A recurring concern in the current presidential race has been what successive Bush-Clinton-Bush-Clinton presidencies would mean for American democracy.
But those making this point seem to forget that there is a fundamental difference between being a powerful man’s child and being his partner. Perhaps this confusion shouldn’t surprise us, given the historical tendency to define both as male property. But isn’t it time we moved on?It isn’t that surprising that two young, talented, ambitious people should be attracted to each other in their twenties and then both go on to have great success in their forties and fifties. But when this happens, it’s always the woman in the partnership who is singled out for criticism, her achievements minimized, and her success deemed to be based solely on the talents of her husband.
Bill and Hillary are just one example of this kind of ‘power couple’ in which the woman always gets the raw end of the deal. Cherie Booth has been vilified as the wife of PM Tony Blair, and Yoko Ono and Courtney Love have experienced similar treatment in the male-dominated world of music.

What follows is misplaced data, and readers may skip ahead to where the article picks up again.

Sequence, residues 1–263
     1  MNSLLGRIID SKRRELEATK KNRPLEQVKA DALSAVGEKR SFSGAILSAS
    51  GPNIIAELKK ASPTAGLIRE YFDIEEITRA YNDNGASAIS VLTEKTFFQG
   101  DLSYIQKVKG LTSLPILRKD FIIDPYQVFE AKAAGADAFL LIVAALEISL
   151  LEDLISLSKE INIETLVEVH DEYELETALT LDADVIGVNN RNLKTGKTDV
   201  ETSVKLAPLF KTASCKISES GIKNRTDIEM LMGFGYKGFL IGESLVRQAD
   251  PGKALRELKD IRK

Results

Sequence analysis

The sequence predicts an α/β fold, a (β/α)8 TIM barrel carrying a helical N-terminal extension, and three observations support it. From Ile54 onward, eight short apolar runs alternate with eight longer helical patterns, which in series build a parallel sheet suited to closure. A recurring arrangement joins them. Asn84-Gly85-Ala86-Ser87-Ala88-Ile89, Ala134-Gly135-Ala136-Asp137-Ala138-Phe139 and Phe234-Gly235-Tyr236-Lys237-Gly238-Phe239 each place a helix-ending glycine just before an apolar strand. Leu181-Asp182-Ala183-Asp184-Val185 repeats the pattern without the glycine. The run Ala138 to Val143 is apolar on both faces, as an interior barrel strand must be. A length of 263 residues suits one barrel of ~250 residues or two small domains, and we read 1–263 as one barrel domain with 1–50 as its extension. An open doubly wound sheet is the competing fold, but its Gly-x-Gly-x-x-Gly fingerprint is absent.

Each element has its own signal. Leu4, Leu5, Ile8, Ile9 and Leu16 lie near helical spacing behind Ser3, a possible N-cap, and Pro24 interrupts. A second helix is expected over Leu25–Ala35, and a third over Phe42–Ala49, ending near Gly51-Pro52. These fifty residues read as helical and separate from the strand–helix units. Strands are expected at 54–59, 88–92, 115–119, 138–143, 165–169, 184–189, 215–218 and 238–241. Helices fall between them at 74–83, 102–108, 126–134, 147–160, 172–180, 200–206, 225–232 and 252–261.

Rather than being praised for their glass-ceiling-busting achievements in rock music, art, politics, and law, the women in these couples have been turned into public hate figures, and blamed for the woes (or even the deaths!) of their husbands.
Of course, dynasties like the Bushes in the States, the Bhuttos in Pakistan, or the Benns in the UK, pose a threat to democracy, social mobility and meritocracy; George Dubya was an alcoholic, drink-driving C-student who wouldn’t have had a shot at the presidency if he’d been from Anyfamily, USA. Hillary, on the other hand, is clearly a stronger candidate than many of the men who have run for the country’s highest office, and neither she nor Bill were born into power and influence. They both worked for it.
I’m not saying that Hillary hasn’t enjoyed the benefits of living and working at the heart of the American Establishment, or that her candidacy doesn’t raise questions about the ‘American Dream’, but it’s important to recognize the gendered nature of these debates, and to call out the sexism of comparing a wife to a son or younger brother.